Bioavailability and provitamin A activity of neurosporaxanthin in mice

Anthony P. Miller, Dámaso Hornero-Méndez, Sepalika Bandara, Obdulia Parra-Rivero, M. Carmen Limón, Johannes von Lintig, Javier Avalos, Jaume Amengual

Research output: Contribution to journalArticlepeer-review


Various species of ascomycete fungi synthesize the carboxylic carotenoid neurosporaxanthin. The unique chemical structure of this xanthophyll reveals that: (1) Its carboxylic end and shorter length increase the polarity of neurosporaxanthin in comparison to other carotenoids, and (2) it contains an unsubstituted β-ionone ring, conferring the potential to form vitamin A. Previously, neurosporaxanthin production was optimized in Fusarium fujikuroi, which allowed us to characterize its antioxidant properties in in vitro assays. In this study, we assessed the bioavailability of neurosporaxanthin compared to other provitamin A carotenoids in mice and examined whether it can be cleaved by the two carotenoid-cleaving enzymes: β-carotene-oxygenase 1 (BCO1) and 2 (BCO2). Using Bco1 −/− Bco2 −/− mice, we report that neurosporaxanthin displays greater bioavailability than β-carotene and β-cryptoxanthin, as evidenced by higher accumulation and decreased fecal elimination. Enzymatic assays with purified BCO1 and BCO2, together with feeding studies in wild-type, Bco1 −/−, Bco2 −/−, and Bco1 −/− Bco2 −/− mice, revealed that neurosporaxanthin is a substrate for either carotenoid-cleaving enzyme. Wild-type mice fed neurosporaxanthin displayed comparable amounts of vitamin A to those fed β-carotene. Together, our study unveils neurosporaxanthin as a highly bioavailable fungal carotenoid with provitamin A activity, highlighting its potential as a novel food additive.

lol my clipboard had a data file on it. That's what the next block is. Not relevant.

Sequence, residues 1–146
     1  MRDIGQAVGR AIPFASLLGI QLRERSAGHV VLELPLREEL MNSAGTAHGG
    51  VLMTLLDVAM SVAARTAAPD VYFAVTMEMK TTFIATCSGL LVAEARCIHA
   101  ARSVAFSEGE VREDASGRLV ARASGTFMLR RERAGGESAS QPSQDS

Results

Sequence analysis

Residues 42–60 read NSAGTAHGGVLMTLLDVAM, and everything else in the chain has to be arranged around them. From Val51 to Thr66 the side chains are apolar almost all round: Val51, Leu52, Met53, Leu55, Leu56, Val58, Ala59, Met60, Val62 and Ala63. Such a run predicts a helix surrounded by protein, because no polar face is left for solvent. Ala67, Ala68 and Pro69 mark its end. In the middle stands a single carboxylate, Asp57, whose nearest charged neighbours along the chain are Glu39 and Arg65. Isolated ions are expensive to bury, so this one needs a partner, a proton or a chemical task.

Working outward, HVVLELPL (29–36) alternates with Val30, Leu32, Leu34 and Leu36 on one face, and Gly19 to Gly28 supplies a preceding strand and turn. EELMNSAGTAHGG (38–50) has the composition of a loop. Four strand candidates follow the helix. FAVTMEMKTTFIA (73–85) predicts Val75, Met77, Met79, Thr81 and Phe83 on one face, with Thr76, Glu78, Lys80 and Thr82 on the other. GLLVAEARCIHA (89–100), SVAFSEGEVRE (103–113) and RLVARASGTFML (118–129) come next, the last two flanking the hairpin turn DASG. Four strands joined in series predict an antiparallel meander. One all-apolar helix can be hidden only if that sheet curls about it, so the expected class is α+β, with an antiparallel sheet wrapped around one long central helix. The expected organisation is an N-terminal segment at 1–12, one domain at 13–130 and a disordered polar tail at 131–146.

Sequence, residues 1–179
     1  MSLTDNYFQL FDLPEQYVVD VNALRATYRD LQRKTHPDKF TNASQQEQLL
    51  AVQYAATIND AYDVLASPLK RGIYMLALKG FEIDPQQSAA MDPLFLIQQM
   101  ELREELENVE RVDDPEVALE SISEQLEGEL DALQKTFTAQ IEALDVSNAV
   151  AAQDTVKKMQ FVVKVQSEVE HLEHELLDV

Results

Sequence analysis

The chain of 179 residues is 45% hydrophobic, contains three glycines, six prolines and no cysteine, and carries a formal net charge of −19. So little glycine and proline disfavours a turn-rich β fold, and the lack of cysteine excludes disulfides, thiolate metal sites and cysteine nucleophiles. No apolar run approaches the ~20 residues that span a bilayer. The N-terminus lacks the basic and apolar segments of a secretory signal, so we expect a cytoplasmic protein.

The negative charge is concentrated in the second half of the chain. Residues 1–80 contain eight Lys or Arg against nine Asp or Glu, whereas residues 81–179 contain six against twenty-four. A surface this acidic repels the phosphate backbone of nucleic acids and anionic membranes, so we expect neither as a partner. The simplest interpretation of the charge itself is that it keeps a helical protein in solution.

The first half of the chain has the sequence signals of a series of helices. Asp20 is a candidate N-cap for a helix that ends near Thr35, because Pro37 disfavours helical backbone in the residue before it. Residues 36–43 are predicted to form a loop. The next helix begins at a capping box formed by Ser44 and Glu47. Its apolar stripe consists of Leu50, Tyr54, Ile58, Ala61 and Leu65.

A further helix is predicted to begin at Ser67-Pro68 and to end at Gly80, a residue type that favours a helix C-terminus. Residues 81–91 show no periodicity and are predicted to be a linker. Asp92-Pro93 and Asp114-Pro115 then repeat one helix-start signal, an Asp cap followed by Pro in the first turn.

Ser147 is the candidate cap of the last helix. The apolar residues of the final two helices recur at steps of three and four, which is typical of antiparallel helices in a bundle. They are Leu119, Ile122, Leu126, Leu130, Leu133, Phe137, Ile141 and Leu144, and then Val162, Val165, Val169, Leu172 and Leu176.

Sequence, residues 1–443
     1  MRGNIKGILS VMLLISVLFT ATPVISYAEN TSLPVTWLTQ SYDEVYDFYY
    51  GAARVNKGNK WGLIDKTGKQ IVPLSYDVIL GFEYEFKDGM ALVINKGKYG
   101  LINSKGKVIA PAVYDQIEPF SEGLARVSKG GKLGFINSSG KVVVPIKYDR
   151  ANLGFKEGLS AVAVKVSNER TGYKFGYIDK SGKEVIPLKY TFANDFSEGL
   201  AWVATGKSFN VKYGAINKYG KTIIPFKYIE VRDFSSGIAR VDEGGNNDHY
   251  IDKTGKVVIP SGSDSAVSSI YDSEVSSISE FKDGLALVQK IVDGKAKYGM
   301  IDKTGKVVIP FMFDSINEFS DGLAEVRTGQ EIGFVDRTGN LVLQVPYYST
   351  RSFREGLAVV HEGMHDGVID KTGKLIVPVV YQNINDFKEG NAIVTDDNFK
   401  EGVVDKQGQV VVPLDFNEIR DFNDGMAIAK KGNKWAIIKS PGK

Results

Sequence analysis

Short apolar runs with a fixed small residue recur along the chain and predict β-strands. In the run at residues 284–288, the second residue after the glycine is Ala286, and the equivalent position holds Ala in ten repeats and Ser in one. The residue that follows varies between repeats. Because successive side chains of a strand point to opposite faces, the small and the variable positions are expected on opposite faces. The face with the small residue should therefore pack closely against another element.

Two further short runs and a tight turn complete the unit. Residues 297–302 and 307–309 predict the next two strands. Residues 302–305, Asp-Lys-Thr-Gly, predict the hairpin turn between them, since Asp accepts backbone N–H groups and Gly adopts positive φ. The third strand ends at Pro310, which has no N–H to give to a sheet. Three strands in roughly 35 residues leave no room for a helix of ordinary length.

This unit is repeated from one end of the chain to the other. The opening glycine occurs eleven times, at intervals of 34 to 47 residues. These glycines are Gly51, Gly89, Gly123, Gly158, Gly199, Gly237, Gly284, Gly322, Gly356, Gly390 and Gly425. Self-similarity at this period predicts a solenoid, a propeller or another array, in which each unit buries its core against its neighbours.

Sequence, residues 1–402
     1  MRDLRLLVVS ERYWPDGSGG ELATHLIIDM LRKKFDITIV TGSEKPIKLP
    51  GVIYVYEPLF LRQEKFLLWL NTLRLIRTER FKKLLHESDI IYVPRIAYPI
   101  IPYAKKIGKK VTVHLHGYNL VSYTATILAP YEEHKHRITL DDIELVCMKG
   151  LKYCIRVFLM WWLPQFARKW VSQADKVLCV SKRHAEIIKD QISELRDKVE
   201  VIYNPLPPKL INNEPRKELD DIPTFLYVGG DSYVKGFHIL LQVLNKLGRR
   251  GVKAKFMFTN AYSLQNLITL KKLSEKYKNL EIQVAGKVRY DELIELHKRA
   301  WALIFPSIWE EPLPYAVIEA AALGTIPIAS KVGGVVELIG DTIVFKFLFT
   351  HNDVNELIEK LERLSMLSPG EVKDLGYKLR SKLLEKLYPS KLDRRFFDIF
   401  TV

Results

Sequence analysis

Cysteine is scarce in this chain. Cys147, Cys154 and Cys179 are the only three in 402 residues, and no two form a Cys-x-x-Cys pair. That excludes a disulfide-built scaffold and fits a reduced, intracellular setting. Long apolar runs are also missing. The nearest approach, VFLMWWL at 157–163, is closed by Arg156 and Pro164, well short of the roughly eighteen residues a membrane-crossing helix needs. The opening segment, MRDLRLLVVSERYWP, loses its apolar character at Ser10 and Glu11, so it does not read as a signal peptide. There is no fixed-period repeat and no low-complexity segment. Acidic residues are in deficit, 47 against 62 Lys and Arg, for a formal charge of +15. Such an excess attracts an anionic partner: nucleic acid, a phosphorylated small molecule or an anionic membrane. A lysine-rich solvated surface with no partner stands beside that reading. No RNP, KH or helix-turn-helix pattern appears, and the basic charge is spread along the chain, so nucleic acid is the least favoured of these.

Original languageEnglish (US)
Article number1068
JournalCommunications biology
Issue number1
StatePublished - Dec 2023

ASJC Scopus subject areas

  • General Agricultural and Biological Sciences
  • General Biochemistry, Genetics and Molecular Biology
  • Medicine (miscellaneous)


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